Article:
Single-agent inotuzumab ozogamicin achieved an encouraging overall response rate of 57% in the treatment of relapsed/refractory acute lymphoblastic leukemia (ALL) in a phase II trial reported at the 54th Annual Meeting of the American Society of Hematology (ASH). Response was independent of monthly or weekly schedule and correlated with clearance of leukemia cells from the bone marrow.
No difference was observed in response between the weekly and monthly schedule of administration, though the weekly schedule will be preferred going forward in clinical trials because of less toxicity, said lead author Susan M. O’Brien, MD, Ashbel Smith Professor of Medicine, Professor in the Department of Leukemia, Division of Cancer Medicine, at The University of Texas MD Anderson Cancer Center, Houston.
“When we compare inotuzumab data with any regimen or investigational agent in our MD Anderson database, no matter which cohort we look at, there is a clear benefit for inotuzumab in relapsed/refractory ALL,” she stated.
Additional studies of inotuzumab include a pivotal trial of the weekly schedule vs the best standard of care in relapsed/refractory ALL, and a study of inotuzumab in combination with low-intensity chemotherapy in elderly patients with ALL.
CD22 B-cell–specific antigen expression is seen in > 90% of patients with ALL, she explained. Inotuzumab is an antibody-antigen complex that binds to CD22 cells, releasing calicheamicin inside the tumor cell. Calicheamicin is a potent cytotoxic agent that binds to DNA, inducing double-stranded DNA breaks leading to apoptosis of the cell.
At the ASH meeting, Dr. O’Brien reported results with inotuzumab in patients with refractory or relapsed CD22-positive ALL (N = 89). The first 10 patients were aged 18 or older, and then the trial was opened to children. Two schedules were studied: weekly and monthly, with the same total dose for both schedules. Patients could receive up to eight cycles.
Median age was 39 years, and about 28% were over age 60; 10% had an ECOG performance status of 2 or higher; 11% had prior allogeneic stem cell transplantation; one-third were receiving third-line or higher salvage therapy; and about 25% had high-risk cytogenetics. More than 90% of patients expressed CD22 antigen.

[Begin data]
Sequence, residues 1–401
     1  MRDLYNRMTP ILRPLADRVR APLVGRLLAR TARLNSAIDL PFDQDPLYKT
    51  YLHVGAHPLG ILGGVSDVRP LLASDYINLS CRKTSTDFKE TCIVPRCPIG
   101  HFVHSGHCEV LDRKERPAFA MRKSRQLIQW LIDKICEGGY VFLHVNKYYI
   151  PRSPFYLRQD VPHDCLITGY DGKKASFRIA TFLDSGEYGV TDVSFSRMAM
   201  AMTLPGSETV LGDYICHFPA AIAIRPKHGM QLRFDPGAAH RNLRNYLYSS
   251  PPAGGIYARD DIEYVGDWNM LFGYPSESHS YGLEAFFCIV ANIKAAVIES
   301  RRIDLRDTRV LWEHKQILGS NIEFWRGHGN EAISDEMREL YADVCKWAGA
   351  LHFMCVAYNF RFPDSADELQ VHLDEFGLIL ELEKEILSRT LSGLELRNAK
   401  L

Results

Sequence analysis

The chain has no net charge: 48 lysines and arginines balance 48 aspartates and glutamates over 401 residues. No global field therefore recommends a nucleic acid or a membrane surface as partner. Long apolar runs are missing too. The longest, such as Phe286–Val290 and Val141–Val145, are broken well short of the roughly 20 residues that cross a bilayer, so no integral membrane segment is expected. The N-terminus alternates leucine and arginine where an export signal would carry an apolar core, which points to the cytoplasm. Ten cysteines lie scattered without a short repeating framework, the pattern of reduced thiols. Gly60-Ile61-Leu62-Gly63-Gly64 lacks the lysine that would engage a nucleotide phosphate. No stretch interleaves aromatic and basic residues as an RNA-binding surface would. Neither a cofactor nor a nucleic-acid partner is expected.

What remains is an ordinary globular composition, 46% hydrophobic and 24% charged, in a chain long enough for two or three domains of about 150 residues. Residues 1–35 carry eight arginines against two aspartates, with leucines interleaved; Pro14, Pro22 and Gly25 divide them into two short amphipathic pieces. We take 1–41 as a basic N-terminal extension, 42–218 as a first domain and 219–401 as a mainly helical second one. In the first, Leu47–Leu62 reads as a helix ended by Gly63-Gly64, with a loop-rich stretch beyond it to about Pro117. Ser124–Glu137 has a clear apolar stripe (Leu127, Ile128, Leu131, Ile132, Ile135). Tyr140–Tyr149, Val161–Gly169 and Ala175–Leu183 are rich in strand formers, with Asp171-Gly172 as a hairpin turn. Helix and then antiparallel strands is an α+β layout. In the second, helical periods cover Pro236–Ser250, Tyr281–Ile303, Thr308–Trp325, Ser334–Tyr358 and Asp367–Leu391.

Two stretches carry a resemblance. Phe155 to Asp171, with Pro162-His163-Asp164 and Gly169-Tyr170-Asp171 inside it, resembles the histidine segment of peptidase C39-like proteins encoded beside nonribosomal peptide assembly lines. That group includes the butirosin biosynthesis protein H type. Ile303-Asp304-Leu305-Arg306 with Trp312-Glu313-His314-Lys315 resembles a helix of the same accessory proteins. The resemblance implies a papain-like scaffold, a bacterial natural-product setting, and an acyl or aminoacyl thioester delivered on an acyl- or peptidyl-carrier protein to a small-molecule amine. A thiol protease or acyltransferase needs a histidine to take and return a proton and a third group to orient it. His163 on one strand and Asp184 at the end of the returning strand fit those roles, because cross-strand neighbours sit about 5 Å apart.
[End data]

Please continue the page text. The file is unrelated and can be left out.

An overall response rate of 57% was similar in the two arms (weekly vs monthly schedule).
The complete remission rate (eradication of all clinical and/or radiologic evidence of disease) was 18% in both arms; CRp rate (complete response except for platelets < 100 × 109/L) was 29% in the monthly arm and 30% in the weekly arm. CRi (complete response without recovery of neutrophils or platelet counts) was 10% in both arms.
Resistance occurred in 39% and 38% of the two arms, respectively, and there were two deaths in each arm in less than 4 weeks. Cytogenetic complete response was seen in 89% and 90% of patients. Overall, 63% and 70%, respectively, were determined to be minimal residual disease–negative.
Median progression-free survival was 4.9 months, with a progression-free survival rate of 21% at 1 year. Duration of complete response was a median of 7 months, and some patients are still responding at 27 months, Dr. O’Brien said. Median overall survival is 5.6 months; 20% are alive at 1 year, with no difference between the treatment arms.
Median overall survival was 8.8 months for those in first salvage, 4.3 months for those in second salvage, and 7.4 months for those in third or more salvage. “We found the best data in first salvage, not surprisingly,” she stated.
Although infusion reactions and liver function abnormalities were generally grade 1/2 in both arms, they were significantly more frequent in the monthly schedule (where the full dose was given as one large infusion, rather than spaced out over 3 weeks). Thus, the weekly schedule was chosen to move forward into the forthcoming pivotal trial.
The investigators found that older age, at least two salvage regimens, and Philadelphia chromosome–positive status were associated with slightly lower response rates. ■
Disclosure: Dr. O’Brien reported no potential conflicts of interest.
1. O’Brien S, Thomas D, Jorgensen J, et al: Experience with 2 dose schedules of inotuzumab ozogamicin, single-dose, and weekly in refractory-relapsed acute lymphocytic leukemia. 2012 Annual Meeting of ASH. Abstract 671. Presented December 10, 2012.
For years, adults with acute lymphoblastic leukemia (ALL) have been treated with intensive, multiagent, cytotoxic chemotherapy involving multiple rounds of treatment, derived from regimens that are highly effective in children. Although the survival of children with ALL hovers around 90%, less than ...